Variation of shaking intensity for the 18 April 1906 earthquake in and around the city of San José, California, is established based on 607 damage locations, using a methodology suitable for high-resolution mapping of intensity. This detailed methodology uses a refined modified Mercalli intensity (MMI) scale and is based on the premise that an intensity estimate can be calculated from the damage to a single building, provided extent of damage and style of building construction are sufficiently well known. To reflect the rich detail in the damage descriptions, the refined scale recognizes partial steps in the range MMI 6–9.
For the 138 km2 area of study, earthquake damage is compiled from published descriptions, mostly made by building-industry professionals within 10 days after the 1906 earthquake and never before evaluated for an intensity study. Sanborn–Perris Map Company fire insurance maps provide precise location and nature of construction for 483 damaged structures within, and 124 outside, the 1906 San José city limits. The distribution of assigned intensities approximates a normal distribution with median intensity 7.5, mean intensity 7.36, and standard deviation 0.687. Maximum intensity (8.5–9.0) is identical to contoured MMI from previous intensity studies with lower density of data.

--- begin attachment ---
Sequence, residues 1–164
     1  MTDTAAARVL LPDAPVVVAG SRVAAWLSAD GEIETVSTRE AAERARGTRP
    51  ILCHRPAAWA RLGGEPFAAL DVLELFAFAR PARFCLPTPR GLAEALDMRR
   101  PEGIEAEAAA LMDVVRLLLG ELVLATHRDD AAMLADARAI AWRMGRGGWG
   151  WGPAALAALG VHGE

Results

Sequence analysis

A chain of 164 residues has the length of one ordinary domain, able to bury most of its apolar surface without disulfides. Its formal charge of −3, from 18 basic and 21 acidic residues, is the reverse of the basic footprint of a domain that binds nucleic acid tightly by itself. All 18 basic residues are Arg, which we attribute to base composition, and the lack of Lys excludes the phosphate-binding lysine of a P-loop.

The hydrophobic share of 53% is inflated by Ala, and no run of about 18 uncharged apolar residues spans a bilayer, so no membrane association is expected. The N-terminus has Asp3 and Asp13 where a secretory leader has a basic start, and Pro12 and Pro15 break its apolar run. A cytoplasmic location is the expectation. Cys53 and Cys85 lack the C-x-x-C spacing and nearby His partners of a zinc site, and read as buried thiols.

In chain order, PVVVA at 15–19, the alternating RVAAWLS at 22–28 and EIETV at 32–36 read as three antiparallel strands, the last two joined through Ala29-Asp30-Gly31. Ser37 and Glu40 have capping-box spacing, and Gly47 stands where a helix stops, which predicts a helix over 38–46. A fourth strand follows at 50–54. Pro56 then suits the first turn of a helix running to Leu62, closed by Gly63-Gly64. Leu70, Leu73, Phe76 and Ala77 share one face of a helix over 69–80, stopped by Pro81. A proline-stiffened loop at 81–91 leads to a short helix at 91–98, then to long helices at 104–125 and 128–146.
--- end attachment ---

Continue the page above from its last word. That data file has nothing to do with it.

For analysis, damage data points are grouped at two scales. At the first, 227 modern census blocks contain as many as 31 buildings each, with mean of block median intensities 7.46 and standard deviation 0.660. In 71% of 101 blocks with two or more data points, intensity range is one point or less. This low variability indicates consistent building response in these blocks to ground shaking. Moderate to larger variations in intensity within some blocks may be attributed to differences in construction, prior damage to structures, or anthropogenic factors.
At the second scale, geographically distinct associations of neighboring blocks are grouped into six microzones from 1.5 to 7.0 km across, with mean microzone intensity 6.6 to 8.2 and standard deviation 0.160 to 0.637. These intensity differences, which match variations observed in modern ground-motion studies, are inferred to reflect real variation in damage-causing ground motion in 1906. Methods presented here can be used to constrain ground-motion models, identify seismic hot spots, and improve site-specific assumptions for probabilistic seismic hazard analysis (PSHA).